Pearl Balls


Preparation info

  • Difficulty


  • Yields about 25 meatballs, enough to serve


    as a main course .

Appears in

Light, succulent, and disarmingly pretty, these little meatballs of marinated pork dressed in a mantle of sweet rice charm most everyone who eats them. When I served them to one old China hand, she said they reminded her of the food in Kun-ming, in southwest China, in the 1940s. And that is their special beauty—with their simple elegance and gracefully subtle flavor, Pearl Balls exemplify real Chinese cooking at its classic best.

  • “Pearl balls” in the literary tongue are “porcupine balls” in colloquial slang. Both names refer to the pleasantly glutinous rice that swells around the meatballs as they steam. You can buy it in Chinese markets, where you should also hunt for fresh water chestnuts. They, as much as anything, make this dish distinctive. If you cannot find them, substitute jicama, a large tuber with a crisp white flesh that has the texture although not quite the sweetness of fresh water chestnuts. Only as a last resort use canned water chestnuts, and then only use a brand that is crisp to the bite.
  • Pearl Balls are extremely practical party food. They can be started several days ahead, and then left to steam for hours—off in a comer on a hot plate if you need to free up your stove. They are also very portable. On many a catering job I’ve nestled the meatballs in the back of the car, piled the steamers up front, and set off with a bit of old China in tow.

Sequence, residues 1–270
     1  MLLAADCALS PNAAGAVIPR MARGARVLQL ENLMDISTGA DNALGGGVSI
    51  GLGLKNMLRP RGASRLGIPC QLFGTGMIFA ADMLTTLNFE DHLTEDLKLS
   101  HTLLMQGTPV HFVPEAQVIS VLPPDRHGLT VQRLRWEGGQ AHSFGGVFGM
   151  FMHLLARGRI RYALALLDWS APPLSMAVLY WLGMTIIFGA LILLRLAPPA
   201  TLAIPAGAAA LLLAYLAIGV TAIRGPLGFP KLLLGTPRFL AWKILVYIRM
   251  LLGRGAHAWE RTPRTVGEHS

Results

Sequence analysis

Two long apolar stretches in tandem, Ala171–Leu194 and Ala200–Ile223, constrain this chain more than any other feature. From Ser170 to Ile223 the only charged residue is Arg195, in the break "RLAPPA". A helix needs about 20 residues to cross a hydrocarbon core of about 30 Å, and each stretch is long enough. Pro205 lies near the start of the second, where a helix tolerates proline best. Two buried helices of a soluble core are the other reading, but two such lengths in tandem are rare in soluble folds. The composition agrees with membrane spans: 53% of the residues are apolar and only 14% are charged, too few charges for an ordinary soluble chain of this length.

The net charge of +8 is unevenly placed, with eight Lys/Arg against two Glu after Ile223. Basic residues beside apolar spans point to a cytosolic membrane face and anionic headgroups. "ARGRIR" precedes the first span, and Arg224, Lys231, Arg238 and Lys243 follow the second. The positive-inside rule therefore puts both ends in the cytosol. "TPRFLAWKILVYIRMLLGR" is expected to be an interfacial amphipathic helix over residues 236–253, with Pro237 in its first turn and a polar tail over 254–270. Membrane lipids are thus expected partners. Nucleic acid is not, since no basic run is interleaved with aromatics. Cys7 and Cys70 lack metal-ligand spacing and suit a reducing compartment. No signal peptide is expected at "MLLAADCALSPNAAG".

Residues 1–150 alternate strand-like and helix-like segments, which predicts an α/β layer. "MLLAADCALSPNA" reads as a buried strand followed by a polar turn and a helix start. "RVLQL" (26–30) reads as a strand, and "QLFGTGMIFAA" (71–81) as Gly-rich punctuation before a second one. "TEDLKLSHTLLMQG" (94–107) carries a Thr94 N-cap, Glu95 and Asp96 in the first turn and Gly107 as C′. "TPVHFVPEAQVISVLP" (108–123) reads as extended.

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Meatball mixture

  • 4 large Chinese dried black mushrooms
  • 6–8 large water chestnuts, fresh best (to yield about ½ cup chopped)
  • 1 walnut-size nugget fresh ginger
  • 1 thin whole scallion, cut into 1½-inch lengths
  • ¾ pound ground pork butt
  • 1 large egg
  • 1 tablespoon thin (regular) soy sauce
  • teaspoons coarse kosher salt
  • scant ½ cup unsalted chicken stock

Dipping sauce


Preparing the rice, mushrooms, and water chestnuts

Cover the rice with 4 cups cold water. Soak at least 1 hour, or overnight if you wish, stirring occasionally to loosen the talc. Shortly before using, drain the rice in a colander, rinse under cold running water until the water is clear, then put aside to drain. The rice should be moist when you use it. It will adhere more easily to the meat.